The Introduction of Oral Vaccine
Although the introduction and immediate widespread use of inactivated polio vaccine (IPV) in 1955 was accompanied by an abrupt decline in the reported number of cases of poliomyelitis in the United States, there was considerable excitement in the late 1950s about the impending availability of attenuated live (oral) poliovirus vaccine (OPV).1-3 This excitement stemmed both from anticipated advantages of OPV and from some disappointment with the performance of IPV.The anticipated advantages of OPV included its potential to induce effective and long-lasting protection after only one dose, obviating the need for boosters, its ability to pass to contacts of vaccinees, thereby extending the effects of the vaccine beyond those directly vaccinated, and the fact that the protection induced embraces both infection and disease.The disappointment with IPV resulted from the fact that, after a record low of 2,499 cases of paralytic poliomyelitis in 1957,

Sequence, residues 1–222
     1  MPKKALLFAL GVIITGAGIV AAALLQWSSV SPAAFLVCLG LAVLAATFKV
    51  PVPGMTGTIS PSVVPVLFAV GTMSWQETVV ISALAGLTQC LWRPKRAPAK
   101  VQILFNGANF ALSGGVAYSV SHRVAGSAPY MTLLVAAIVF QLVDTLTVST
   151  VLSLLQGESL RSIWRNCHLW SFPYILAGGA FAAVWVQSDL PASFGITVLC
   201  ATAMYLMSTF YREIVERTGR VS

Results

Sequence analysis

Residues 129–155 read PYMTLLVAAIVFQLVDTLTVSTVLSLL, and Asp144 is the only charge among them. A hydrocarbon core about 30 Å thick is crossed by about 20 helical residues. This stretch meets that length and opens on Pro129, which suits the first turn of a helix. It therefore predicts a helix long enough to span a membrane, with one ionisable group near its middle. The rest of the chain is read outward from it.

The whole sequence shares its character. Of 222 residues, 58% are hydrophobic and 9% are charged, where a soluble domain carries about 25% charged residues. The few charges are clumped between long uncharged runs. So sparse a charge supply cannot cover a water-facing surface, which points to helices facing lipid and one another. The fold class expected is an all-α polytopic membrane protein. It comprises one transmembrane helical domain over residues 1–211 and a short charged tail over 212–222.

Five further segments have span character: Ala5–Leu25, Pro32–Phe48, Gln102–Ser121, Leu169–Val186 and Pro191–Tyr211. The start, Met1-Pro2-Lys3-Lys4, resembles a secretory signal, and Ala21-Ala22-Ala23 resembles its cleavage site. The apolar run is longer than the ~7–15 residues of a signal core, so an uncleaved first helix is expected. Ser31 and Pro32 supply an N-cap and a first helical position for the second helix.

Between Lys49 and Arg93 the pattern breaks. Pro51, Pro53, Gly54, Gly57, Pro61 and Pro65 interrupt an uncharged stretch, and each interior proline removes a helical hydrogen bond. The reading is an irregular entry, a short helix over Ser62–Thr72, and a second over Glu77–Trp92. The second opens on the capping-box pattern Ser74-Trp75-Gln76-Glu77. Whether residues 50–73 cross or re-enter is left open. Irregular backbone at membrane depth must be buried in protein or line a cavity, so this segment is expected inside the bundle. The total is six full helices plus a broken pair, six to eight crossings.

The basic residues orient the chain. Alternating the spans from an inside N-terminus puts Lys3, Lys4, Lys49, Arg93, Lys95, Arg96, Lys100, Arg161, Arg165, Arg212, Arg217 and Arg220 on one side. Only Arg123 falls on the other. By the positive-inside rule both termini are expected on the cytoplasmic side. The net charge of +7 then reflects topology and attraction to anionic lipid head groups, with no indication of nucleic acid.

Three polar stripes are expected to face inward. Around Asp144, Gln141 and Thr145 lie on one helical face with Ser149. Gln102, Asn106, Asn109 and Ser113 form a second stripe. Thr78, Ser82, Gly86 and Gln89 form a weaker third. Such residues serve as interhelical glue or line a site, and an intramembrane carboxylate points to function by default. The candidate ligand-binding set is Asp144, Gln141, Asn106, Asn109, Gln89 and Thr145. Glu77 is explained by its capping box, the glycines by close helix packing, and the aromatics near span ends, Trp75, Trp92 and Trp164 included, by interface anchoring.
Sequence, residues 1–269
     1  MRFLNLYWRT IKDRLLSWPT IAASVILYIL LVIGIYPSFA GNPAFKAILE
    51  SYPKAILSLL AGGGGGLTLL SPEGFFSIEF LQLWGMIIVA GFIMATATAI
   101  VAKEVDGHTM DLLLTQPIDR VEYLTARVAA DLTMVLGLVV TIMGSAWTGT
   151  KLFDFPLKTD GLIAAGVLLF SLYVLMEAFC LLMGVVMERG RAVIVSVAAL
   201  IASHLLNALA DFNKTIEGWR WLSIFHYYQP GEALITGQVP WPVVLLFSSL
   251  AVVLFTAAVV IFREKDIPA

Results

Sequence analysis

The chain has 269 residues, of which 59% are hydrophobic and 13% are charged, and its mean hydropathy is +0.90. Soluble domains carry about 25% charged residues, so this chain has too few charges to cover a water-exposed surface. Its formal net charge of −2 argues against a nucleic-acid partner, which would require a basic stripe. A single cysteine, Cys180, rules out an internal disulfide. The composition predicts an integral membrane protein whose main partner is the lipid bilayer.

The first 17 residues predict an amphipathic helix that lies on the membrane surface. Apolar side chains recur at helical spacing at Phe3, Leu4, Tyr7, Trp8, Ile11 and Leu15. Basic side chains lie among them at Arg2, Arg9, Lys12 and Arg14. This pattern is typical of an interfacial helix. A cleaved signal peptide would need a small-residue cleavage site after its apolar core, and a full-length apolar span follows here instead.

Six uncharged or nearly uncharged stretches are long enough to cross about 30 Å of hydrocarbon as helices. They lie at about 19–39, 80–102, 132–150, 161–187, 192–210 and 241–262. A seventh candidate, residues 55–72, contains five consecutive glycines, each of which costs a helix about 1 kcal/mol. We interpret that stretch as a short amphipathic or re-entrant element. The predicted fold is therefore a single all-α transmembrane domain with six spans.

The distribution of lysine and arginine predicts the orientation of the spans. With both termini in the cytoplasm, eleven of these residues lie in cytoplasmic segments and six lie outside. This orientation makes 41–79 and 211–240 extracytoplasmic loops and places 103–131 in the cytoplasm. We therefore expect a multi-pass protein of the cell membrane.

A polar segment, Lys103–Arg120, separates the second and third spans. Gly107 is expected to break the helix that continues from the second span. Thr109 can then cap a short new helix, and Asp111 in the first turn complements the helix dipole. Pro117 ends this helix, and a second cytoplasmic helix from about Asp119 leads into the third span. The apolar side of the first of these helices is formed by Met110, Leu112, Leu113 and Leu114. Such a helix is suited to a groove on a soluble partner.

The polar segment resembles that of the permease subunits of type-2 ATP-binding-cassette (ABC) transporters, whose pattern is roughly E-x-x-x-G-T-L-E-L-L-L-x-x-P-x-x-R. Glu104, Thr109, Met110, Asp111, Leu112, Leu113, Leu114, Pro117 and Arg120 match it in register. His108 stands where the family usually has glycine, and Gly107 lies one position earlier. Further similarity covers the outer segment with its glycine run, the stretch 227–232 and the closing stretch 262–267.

Hinman AR. Mass Vaccination Against Polio. JAMA. 1984;251(22):2994–2996. doi:10.1001/jama.1984.03340460072029
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